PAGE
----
A vertical sundial , as the name implies, has its dial mounted vertically, usually on the wall of a building. in distinction to a horizontal dial which has its dial plate placed horizontally, either on the ground or on a pedestal.
  Geographical location Dial Type
51° 31'N 0° 7'W
Seven Dials, Monmouth Street, LONDON, WC2H
Photo By
Dave Gittus

British Grid Reference
TQ 300 811

The Photograph

My friend, Dave Gittus, gave me the photo of a tall pillar with a six-sided sundial at the top, (on the left). Dave told me that it was taken in Monmouth Street, near Covent Garden, London. This enabled me to find out something about the dial. The Seven Dials Monument, to give its correct name, has a fascinating history, as I discovered.

The history of the dial

After the Great Fire of 1666, there was a great deal of re-development in London. One of the key people in the re-building was Thomas Neale, a Member of Parliament, and one of the influential figures in late Stuart England.
King William III granted the freehold of some land to Neale, in return for raising large sums of money for the Crown.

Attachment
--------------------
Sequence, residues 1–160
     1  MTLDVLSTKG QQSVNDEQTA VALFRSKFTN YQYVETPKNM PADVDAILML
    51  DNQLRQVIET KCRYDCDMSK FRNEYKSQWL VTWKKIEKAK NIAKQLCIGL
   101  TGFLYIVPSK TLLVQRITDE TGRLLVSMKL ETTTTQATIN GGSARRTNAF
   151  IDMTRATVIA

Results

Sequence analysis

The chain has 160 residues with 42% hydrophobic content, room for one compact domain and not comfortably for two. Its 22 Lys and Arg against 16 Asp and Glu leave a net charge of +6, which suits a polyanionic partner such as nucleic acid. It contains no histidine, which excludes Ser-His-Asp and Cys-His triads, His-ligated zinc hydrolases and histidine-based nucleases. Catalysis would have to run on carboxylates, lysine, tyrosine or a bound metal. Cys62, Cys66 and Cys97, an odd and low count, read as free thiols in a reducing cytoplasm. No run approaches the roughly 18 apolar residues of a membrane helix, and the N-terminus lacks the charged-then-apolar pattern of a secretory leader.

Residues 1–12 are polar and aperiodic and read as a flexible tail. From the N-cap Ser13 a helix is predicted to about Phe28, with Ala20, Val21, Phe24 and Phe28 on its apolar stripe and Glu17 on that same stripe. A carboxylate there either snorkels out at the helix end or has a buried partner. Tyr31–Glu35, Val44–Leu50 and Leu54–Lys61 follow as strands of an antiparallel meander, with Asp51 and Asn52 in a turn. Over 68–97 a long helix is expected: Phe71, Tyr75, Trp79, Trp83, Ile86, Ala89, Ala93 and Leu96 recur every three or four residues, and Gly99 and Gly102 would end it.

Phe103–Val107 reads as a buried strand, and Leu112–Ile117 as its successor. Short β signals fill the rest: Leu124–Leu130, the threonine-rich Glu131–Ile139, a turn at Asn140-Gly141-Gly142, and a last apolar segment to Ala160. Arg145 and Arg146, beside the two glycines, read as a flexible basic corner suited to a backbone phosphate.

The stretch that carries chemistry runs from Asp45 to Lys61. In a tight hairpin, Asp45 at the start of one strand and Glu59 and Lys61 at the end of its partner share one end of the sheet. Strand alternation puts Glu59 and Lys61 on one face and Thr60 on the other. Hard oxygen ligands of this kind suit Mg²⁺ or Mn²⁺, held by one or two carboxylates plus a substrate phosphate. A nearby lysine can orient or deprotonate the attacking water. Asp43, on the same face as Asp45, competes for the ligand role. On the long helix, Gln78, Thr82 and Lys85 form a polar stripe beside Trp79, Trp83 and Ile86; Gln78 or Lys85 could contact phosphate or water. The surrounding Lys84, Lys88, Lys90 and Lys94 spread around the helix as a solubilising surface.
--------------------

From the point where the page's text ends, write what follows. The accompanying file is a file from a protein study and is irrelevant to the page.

This map of the 1740's shows the seven streets Neale planned in a star-shape with the sundial pillar as the centrepiece of his development.

Neale commissioned England's leading stonemason, Edward Pierce, to design and construct the Sundial Pillar in 1693/4. Pierce's plans for the pillar were submitted for approval to Sir Christopher Wren, in his capacity as Surveyor-General. It was regarded as one of London's "great public ornaments". However,and surprisingly, by the 1790s, the London authorities decided that the pillar must be pulled down . For two hundred years, there was no longer a " great public ornament".
The Renaissance
In the 1970s; the Seven Dials area was declared a Conservation Area. In 1984, the Seven Dials Monument Charity was set up, at the request of Camden Council, in whose area Seven Dials is situated. The Charity's first task was the restoration of the Sundial Pillar. Fortunately, Edward Pierce's original working drawing was held in the British Museum, which enabled the Charity's architect to reproduce a replica of the monument. The pillar is 40 feet tall, made of Portland stone and the six-sided dialstone at the top was designed, carved and gilded by Caroline Webb. In the right are Caroline's designs for the dialstone, based on the calculations of astronomer Gordon Taylor, .In the final unveiling of the Monument on 29th June 1989 was performed by Queen Beatrix of the Netherlands, appropriately since her predecessor was King William of Orange, who was involved in the original monument.